Illegal Trade In Massachusetts
The Commonwealth of Massachusetts has always shaped American history and influenced academia and industry. As a global leader in finance, maritime commerce, and life sciences with its world-class academic institutions, it drives innovation and attracts commerce and tourists from around the world.
Unfortunately, these undeniable strengths also open the Commonwealth to criminals’ greed, putting people in jeopardy.
Massachusetts’s foreign-trade zones, ports, and airports provide ample opportunities for illegal trade. The greater Boston-area serves as Massachusetts’ primary regional distribution center for Colombian and Dominican drug trafficking organizations, which supply the largest and most violent drug distribution groups with heroin and cocaine. This explains why the Commonwealth ranked ninth in cocaine overdose deaths in 2018 and fourth in fentanyl availability report submissions in 2019.
The problem, however, is much broader than narcotics. Whether it’s the selling of counterfeit medication that contains methamphetamine to counterfeit sports apparel, illegal trade is a complex problem that harms all Bay Staters. For example, tobacco smuggling causes Massachusetts to lose $133 million every year. Those tax revenues are lost by state and local governments, leaving law-abiding citizens to foot the bill.
Criminals do not care what they traffic in, as long as it makes them money. Black market organizations will traffic contraband that may seem like victimless crimes to avoid severe penalties; establish smuggling routes; and bolster their other nefarious activities, like trafficking weapons and even people.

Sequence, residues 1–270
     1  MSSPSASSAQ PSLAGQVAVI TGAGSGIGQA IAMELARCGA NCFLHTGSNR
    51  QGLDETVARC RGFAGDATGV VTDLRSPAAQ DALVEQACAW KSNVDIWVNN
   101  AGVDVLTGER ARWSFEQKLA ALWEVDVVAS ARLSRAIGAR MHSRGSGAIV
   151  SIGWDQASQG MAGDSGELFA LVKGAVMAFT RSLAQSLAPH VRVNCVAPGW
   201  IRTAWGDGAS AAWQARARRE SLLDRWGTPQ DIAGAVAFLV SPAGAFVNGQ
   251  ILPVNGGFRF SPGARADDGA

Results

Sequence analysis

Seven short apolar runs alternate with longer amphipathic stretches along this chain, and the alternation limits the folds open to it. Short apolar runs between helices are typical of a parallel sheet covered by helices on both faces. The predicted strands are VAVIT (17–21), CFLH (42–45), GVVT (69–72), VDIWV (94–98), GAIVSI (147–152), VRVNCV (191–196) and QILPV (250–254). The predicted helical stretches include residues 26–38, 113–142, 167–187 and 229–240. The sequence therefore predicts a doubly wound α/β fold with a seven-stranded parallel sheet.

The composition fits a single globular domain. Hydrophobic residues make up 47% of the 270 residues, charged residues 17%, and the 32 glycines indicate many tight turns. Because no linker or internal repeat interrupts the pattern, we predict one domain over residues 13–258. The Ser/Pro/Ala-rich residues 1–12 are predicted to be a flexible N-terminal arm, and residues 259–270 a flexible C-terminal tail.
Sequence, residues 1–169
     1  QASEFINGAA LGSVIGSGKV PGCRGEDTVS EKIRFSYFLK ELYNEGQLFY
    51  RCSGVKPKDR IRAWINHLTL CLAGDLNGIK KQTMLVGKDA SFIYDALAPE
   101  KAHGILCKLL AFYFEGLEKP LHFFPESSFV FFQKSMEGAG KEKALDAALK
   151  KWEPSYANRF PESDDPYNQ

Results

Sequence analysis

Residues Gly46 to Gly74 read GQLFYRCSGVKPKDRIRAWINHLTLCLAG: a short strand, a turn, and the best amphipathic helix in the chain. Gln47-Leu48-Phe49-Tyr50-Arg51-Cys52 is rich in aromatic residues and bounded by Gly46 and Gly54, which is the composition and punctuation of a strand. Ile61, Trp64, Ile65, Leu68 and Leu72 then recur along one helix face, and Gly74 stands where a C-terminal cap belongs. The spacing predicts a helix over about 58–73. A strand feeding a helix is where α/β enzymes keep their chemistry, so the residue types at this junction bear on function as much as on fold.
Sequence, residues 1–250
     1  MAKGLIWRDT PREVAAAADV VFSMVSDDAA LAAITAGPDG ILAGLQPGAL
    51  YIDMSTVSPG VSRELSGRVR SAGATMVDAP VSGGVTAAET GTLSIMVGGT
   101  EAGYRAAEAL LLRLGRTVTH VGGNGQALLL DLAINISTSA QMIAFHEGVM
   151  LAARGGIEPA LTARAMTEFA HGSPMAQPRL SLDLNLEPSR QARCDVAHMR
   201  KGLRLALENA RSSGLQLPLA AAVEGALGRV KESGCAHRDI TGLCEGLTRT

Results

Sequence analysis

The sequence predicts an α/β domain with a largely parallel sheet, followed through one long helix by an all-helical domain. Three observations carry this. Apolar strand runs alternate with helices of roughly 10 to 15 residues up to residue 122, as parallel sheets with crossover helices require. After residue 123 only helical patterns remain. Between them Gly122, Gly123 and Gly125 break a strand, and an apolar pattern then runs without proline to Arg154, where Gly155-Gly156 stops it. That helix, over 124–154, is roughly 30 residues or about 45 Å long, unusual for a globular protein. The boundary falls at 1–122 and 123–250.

While law enforcement agencies are doing everything they can, it’s too much for them to handle alone. This is why USA-IT is so proud to be working locally in Massachusetts. Together, we can make Massachusetts, and America, more secure for everyone.
We are United to Safeguard Massachusetts from Illegal Trade.
Working together to fight back
We’re building crucial relationships and sharing our collective, vast expertise with state and local agencies, law enforcement, the business community, and others. Stay tuned for more updates.
What we’re up against
In 2019, Massachusetts ranked 4th in fentanyl reports.
In 2018, Massachusetts reported the 9th most deaths from cocaine overdose in the United States, with 716 fatalities.
Total revenue lost due to tobacco smuggling in Massachusetts: $133 million.